Levi, a native of Rogers, Arkansas, earned his Ph.D. from WSU in 2009. He is an assistant professor at Sookmyung Women’s University in Seoul. He went to Kabul in April at the invitation of his former professor, Joy Egbert, who asked him to assist her in teaching workshops for the Afghan eLearning English Support Project. The College of Education coordinates the U.S.-funded effort to build the capacity of Afghan universities in information technology, English language, and e-learning.

Empowerment

Besides religion, another major difference that Levi noted was classroom behavior. While he encourages his Korean students to share their viewpoints, they often hesitate to explain or defend their positions. Although attitudes seem to be changing, the student’s role in Korea has traditionally been to listen quietly as the teacher imparted knowledge.

“The Afghan students I worked with were not at all shy about giving their opinions,” Levi said.

Most of those students are themselves teachers. They were at the workshops to learn how to share language and technology skills with their own students.

“The Afghan project is about empowering these people so they can do it their own way,” he said. “The workshops were a negotiation between what we were saying and what they practiced on a cultural level, so they could meet their goals.”

Their ambitious goals include teaching all Afghan university courses in English within five years.

Impressive people

Levi expects to return to Afghanistan, probably in September. He’ll hold workshops to familiarize the Afghan teachers with course materials and content developed at WSU. He’ll introduce new classroom technology. And he’ll visit some of the nine English-language learning centers to evaluate their offerings and offer support to faculty.

In April, Joy and Levi used a party game to break the ice with workshop participants. There was much laughter, and the American visitors emerged with the nicknames “Lucky Levi” and “Jolly Joy.”

What impressed Levi most during his visit to Afghanistan?  The people.

“In a country that’s been at war forever, it would be easy for them to be very pessimistic and to lose hope,” he said. “But they were positive, they were happy. They were always courteous to me as a foreigner. Also, they took initiative. They knew there was a possibility for change and they were not afraid to work hard.”

 

 

Helping tribal teens find a sense of self

This week, for the seventh summer in a row, a lively group of teens from the Coeur d’Alene reservation came to WSU Pullman to learn about themselves and think about their futures.  The following article, “Young tribal members find a sense of self at weeklong workshop,” is reprinted with permission from the Moscow-Pullman Daily News.

By Christina Lords, staff writer
June 10, 2011

Joy. Laughter. Happiness.

Leadership campers Kianna Peone and Tillie Torpey
Campers Kianna Peone, left, and Tillie Torpey. Photo by Geoff Crimmins

These are Kaila Wakan’s self described gifts – gifts she’s learned she can share with family members, classmates, her community and beyond.

Wakan is one of about 50 participants in the seventh annual Coeur d’Alene Tribe Leadership Development Camp, taking place this week at the Washington State University Pullman campus.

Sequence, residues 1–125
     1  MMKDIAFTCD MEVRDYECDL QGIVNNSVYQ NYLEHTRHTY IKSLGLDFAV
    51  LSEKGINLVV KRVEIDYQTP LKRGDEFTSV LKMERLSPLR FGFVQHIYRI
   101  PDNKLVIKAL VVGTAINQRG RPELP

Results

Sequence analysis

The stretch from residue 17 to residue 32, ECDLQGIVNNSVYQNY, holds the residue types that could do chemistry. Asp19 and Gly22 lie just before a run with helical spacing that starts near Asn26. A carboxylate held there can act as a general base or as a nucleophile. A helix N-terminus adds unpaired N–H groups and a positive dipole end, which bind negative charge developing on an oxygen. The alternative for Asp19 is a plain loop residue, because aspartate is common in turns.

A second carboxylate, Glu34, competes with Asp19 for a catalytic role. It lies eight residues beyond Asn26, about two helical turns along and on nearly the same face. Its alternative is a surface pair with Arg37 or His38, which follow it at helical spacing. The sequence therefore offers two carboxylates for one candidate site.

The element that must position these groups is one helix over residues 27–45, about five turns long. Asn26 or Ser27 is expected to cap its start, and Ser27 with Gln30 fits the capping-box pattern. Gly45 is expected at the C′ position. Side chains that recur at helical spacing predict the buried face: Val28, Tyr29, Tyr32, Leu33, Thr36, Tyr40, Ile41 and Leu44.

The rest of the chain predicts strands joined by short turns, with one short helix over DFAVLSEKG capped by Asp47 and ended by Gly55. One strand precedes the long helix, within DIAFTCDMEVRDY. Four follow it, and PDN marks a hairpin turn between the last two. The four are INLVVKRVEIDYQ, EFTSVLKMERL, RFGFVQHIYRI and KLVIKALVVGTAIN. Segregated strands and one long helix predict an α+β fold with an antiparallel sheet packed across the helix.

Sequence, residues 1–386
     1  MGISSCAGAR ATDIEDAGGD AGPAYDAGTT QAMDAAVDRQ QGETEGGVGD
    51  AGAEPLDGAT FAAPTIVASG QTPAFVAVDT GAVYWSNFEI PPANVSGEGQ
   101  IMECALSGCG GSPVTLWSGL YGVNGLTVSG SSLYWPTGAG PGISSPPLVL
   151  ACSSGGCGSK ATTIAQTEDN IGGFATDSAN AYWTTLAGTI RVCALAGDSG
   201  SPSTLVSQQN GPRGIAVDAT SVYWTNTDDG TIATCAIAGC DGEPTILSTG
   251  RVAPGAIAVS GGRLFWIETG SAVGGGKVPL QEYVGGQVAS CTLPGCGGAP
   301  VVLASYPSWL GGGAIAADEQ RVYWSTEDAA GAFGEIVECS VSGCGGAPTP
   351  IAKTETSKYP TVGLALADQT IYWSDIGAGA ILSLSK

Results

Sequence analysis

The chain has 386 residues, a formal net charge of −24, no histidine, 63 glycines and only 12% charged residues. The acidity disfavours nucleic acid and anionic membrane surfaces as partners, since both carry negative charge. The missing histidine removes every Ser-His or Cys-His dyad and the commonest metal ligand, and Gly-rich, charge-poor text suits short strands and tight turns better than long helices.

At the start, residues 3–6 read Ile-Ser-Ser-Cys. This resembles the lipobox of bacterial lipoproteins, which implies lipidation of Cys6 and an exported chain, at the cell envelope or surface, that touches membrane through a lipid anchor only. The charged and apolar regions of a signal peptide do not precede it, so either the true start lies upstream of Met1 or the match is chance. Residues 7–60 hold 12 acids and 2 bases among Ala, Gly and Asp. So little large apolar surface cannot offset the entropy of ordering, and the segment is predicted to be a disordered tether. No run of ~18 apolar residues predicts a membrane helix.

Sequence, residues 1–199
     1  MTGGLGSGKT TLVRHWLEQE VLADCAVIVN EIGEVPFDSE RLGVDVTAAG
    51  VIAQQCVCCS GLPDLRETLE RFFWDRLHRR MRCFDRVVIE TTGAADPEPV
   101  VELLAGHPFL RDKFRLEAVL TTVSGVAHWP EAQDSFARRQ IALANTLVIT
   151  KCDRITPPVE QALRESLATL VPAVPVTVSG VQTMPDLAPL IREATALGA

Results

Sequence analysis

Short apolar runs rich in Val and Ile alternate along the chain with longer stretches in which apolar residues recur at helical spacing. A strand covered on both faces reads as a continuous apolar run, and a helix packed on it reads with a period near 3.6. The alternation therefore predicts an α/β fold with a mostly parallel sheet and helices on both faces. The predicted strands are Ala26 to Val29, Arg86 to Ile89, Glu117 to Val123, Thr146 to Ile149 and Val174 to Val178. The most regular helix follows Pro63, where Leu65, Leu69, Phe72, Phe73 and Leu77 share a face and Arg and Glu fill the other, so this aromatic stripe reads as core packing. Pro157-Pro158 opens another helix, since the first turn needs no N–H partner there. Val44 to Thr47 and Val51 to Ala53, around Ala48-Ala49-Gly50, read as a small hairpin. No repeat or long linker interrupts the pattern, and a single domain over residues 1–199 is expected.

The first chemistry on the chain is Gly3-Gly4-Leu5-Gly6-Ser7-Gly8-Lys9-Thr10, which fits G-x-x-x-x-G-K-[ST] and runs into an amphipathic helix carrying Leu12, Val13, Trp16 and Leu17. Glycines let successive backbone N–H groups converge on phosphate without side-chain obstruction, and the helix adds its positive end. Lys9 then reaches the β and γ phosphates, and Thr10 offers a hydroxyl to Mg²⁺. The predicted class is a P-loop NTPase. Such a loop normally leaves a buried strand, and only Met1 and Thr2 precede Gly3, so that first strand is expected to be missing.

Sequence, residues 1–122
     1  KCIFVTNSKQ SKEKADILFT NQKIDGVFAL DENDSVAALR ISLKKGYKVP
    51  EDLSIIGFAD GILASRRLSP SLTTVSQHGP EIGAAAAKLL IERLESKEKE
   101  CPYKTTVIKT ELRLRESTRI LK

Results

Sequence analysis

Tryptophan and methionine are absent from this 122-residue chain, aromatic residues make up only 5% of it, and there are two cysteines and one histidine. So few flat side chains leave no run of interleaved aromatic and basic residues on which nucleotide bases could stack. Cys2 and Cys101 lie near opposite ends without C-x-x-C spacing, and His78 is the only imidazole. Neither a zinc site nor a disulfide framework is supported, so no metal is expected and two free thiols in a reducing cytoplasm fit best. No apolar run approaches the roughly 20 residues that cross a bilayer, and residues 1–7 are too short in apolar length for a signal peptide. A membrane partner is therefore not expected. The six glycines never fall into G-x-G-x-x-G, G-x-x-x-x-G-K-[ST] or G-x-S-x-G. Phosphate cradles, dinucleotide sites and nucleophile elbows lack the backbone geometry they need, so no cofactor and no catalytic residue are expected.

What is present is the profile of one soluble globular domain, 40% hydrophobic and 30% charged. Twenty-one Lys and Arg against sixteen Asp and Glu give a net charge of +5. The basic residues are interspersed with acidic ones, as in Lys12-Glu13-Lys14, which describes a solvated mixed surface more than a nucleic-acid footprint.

This is her fifth year at the workshop.

“This helps me be a better role model for my younger brothers and sisters,” she said. “Some of the kids at my school do drugs and things like that … some of them are my friends. I care for them. I want to help them. This helps me do that.”

The workshop has a different theme each year to build upon the last, said camp organizer Paula Groves Price, an associate professor in the College of Education. Any students ages 13-17 who live on the Coeur d’Alene Reservation can participate.

About 50 students take part each year.

The workshops employ a more holistic approach to educating children patterned in part after elements in the Native American medicine wheel, focusing on physical, spiritual, emotional and mental health, Price said.

“Our aim is to really help students think about who they are, to think about their identities on multiple levels,” she said. “It’s important for them to understand a positive sense of self.”

Students sometimes feel an internal conflict about identifying who they are because of cultures past and present, Price said. Some identify themselves by their traditional, historical culture and some identify more generationally in a modern sense, Price said.

“They’re developing mentally, trying to figure who they are now and who they are going to become,” Price said. “We’re just trying to help them through that process.”

The workshops aim to help the students find a balance between the two, she said.

The camp utilizes different learning methods or abstract activities to get the students to start to analyze issues on a broader scale, such as their age, gender and identity. Those activities also lead students to start thinking about their purpose or future, and those strengths can then be applied to a specific field of study, going to college and eventually earning a degree, Price said.

Place-based education gets the students to think about they spaces they occupy and how they interact with others and their surrounding environment, she said.

This year’s theater workshops encourage students to physically act out ideas and themes while using the entire body because that kind of learning typically helps the students remember more from the lessons, Price said.

Developing all senses – not just those usually related to academics – helps students make a more meaningful connection with the material, she said.

Sports and other games are used as team building exercises throughout the week, and students are encouraged to write, draw or create other art to detail what they’ve learned at the workshops in a personalized journal.